3) Because FPS guys numbers >> RPG guys numbers Microsoft profits.

4) Time passes (2 years).

5) Microsoft announces second Shadowrun game for Xbox 360 - an RPG.

6) RPG guys buy it. "FINALLY!" (note that they have bought 2 sci-fi RPGs now! and neither one cannibalized each others sales!)

7) FPS guys buy it because now they know what Shadowrun is and want to learn about it more. They wouldn't have bought it if not for that Shadowrun shooter 2 years ago!

8) ...

9) FASA & Microsoft: PROFIT !!!

There you have it!

(note that same was said about Deus Ex: IW and we know how that shit turned out and how it pathetically BOMBED in sales and neither FPS guys nor RPG guys have bought it)
 

Razoric

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Jun 8, 2004
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Dave Long said:
Everyone has overreacted in a major way. This game played really well at E3. I sat down with it on two occasions and came away wanting to play it more. Just because it isn't what you wanted doesn't mean it isn't good.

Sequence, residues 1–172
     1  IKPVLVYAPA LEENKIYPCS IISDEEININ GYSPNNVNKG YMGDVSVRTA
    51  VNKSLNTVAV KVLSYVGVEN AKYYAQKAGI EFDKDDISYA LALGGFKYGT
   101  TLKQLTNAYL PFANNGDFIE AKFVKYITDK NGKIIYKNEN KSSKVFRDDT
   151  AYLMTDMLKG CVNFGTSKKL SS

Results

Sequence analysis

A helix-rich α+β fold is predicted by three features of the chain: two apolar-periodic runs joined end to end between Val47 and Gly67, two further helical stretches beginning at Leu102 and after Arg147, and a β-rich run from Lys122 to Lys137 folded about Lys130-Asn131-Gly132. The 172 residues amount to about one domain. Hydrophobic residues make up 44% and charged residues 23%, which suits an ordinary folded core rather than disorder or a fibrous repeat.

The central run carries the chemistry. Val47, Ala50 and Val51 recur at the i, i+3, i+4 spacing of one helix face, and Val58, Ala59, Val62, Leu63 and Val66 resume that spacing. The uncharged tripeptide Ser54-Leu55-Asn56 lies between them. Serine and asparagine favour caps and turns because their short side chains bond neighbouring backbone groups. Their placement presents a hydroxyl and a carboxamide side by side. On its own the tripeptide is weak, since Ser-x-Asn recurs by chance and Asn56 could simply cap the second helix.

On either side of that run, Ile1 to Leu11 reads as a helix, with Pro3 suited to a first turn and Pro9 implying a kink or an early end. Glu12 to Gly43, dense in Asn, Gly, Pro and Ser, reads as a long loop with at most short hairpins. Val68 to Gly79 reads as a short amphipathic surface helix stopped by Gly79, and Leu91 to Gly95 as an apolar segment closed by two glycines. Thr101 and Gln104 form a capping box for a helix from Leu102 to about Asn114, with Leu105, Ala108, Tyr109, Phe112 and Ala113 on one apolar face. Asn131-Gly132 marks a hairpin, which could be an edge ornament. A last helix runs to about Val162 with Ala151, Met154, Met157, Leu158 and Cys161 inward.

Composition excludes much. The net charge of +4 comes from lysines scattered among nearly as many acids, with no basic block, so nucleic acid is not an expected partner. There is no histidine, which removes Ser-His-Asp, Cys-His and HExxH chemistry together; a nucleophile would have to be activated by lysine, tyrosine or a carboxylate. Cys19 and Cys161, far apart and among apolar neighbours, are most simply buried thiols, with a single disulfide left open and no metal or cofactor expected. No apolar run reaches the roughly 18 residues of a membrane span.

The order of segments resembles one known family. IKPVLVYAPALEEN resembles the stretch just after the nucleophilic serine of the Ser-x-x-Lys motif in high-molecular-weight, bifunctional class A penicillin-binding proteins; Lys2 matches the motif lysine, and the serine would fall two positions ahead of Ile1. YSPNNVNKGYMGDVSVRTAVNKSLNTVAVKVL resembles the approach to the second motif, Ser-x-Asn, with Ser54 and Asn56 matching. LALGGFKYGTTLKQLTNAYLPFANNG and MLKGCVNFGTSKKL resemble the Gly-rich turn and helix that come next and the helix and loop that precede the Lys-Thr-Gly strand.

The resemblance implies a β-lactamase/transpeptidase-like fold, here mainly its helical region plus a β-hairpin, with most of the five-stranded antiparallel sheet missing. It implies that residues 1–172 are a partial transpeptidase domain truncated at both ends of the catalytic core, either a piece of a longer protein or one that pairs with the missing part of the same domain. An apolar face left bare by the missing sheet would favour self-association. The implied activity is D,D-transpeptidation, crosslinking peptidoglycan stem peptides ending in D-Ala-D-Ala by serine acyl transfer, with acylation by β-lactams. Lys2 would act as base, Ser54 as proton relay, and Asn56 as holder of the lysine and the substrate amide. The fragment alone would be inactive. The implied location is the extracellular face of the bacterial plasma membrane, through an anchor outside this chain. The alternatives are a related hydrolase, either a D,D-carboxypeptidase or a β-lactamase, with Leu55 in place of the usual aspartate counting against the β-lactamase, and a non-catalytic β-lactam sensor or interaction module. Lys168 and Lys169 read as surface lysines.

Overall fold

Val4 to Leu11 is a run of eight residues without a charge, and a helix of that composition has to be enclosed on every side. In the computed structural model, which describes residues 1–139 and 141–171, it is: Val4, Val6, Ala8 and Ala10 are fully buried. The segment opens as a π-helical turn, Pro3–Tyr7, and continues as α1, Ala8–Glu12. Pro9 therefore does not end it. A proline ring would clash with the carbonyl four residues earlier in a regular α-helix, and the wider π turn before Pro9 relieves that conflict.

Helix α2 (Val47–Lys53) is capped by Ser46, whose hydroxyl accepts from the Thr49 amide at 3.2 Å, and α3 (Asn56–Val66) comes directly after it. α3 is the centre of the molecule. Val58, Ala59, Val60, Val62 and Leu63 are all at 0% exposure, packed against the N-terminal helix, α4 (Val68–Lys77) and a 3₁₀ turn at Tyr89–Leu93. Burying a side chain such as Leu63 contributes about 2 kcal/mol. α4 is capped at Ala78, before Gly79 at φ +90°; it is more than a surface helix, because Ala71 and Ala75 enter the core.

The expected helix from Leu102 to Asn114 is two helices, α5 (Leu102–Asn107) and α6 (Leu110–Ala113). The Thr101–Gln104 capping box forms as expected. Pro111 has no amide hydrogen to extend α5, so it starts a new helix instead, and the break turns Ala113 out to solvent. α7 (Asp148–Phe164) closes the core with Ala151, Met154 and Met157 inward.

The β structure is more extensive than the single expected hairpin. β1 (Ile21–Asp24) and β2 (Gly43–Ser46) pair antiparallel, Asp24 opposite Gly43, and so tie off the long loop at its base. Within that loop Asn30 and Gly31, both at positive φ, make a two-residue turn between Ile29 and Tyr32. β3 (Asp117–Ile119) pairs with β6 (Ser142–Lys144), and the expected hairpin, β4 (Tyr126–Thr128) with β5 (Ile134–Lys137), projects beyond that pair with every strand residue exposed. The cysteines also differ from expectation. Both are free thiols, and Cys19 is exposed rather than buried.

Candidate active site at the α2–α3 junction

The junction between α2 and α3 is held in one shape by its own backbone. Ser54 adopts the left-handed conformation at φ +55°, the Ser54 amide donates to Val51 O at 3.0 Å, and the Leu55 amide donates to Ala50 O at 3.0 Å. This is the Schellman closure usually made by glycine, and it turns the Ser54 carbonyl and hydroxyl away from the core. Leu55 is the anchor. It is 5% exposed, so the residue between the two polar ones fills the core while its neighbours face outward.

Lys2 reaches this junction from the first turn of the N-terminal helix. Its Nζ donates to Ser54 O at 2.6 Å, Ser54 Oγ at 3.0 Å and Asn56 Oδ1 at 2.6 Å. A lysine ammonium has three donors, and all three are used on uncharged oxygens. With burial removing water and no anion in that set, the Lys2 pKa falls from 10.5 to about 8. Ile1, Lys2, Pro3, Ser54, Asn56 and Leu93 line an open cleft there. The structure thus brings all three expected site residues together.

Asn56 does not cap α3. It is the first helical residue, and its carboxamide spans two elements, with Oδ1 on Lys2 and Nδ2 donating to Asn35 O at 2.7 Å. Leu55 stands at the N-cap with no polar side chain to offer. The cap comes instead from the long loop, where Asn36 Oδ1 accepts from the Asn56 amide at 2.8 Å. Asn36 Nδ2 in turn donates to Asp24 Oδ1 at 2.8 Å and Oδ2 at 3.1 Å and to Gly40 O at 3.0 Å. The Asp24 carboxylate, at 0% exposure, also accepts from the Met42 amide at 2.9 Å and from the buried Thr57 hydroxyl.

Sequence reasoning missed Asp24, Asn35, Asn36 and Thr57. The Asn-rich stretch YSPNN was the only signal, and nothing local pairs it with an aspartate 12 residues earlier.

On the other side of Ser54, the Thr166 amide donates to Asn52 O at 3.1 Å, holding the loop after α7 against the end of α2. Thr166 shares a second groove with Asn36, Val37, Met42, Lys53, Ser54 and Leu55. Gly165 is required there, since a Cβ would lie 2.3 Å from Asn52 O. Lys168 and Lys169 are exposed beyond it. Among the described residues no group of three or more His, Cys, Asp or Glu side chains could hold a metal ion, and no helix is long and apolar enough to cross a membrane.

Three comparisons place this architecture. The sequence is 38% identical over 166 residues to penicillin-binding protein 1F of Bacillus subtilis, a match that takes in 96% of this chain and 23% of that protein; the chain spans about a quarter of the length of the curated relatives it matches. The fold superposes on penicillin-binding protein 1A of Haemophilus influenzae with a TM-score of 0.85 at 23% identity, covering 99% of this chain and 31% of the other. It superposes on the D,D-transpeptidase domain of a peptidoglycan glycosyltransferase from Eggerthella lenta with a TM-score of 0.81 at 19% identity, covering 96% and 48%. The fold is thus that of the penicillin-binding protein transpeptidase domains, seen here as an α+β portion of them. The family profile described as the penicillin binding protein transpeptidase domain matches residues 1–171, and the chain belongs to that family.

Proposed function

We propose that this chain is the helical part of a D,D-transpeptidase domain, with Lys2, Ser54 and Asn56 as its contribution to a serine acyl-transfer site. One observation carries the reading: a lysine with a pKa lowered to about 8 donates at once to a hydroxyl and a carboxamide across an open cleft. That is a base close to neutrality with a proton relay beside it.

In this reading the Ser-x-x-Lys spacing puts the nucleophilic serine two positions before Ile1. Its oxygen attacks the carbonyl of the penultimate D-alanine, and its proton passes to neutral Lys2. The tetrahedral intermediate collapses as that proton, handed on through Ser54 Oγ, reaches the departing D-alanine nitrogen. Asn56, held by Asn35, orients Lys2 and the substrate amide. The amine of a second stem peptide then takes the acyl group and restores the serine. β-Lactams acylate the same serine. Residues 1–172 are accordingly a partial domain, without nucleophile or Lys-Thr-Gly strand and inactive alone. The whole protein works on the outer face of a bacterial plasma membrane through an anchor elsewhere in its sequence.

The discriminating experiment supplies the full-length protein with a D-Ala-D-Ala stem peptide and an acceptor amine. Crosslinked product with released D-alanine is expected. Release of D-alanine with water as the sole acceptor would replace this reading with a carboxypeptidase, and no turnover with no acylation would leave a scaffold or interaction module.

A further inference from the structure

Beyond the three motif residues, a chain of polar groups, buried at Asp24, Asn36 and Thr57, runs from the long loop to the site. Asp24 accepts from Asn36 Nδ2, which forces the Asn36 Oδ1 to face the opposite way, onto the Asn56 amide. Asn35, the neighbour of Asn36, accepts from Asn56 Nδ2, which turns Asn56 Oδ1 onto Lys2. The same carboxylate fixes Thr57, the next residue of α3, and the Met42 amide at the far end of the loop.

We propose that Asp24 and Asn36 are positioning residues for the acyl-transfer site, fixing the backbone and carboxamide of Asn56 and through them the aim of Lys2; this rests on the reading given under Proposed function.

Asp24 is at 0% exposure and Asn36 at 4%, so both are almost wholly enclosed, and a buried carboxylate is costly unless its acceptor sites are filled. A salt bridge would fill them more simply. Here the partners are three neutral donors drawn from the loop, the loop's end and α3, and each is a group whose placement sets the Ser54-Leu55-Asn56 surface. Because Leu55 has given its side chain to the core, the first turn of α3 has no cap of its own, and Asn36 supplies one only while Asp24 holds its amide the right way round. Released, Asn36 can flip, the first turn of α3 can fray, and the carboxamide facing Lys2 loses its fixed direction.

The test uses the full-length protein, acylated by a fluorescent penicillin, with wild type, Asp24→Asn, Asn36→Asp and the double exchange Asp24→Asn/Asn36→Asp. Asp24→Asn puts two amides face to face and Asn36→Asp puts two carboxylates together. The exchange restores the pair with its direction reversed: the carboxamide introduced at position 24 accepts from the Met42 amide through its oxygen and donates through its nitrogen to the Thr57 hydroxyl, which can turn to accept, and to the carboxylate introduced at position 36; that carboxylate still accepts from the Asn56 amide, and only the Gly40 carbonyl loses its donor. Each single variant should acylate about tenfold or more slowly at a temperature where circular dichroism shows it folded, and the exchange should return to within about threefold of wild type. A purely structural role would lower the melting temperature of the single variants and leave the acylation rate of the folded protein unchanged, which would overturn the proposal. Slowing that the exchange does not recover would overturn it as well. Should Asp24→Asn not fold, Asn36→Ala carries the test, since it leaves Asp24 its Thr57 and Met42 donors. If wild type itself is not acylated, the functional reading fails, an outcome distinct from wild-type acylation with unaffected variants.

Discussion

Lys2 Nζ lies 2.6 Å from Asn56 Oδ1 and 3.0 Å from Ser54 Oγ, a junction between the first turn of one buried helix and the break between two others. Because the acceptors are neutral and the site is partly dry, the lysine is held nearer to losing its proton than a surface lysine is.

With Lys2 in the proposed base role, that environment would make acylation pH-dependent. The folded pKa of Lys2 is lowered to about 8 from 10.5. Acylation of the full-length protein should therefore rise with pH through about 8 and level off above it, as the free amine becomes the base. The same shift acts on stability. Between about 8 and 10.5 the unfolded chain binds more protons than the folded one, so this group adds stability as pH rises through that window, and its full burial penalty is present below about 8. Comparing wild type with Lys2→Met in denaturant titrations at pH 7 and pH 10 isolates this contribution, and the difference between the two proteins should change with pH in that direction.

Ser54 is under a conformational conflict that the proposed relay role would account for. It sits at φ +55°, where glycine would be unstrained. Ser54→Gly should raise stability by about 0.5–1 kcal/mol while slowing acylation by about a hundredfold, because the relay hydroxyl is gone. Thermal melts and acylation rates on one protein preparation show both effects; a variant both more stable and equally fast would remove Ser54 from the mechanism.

exactly... some of you are such babies sometimes.
 

border

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Jun 7, 2004
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Borys said:
That's a pretty easy question.

Because FPSes sell better than RPGs.
That doesn't explain why they need the Shadowrun IP to make a squad FPS. FPS players aren't interested in Shadowrun, Shadowrun players aren't interested in FPS titles. The license does absolutely nothing to help sell the game and thus far has only helped it garner tons of negative attention.

At the end of the day, KOTOR, Fable and Oblivion have probably outsold the majority of FPS titles on the Xbox and Xbox 360. You might wanna rethink the "FPS > RPG" mentality as well. Note also that "multiplayer only squad FPS" games are not very popular, even on Microsoft's platforms.
 

Fix

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Jul 23, 2004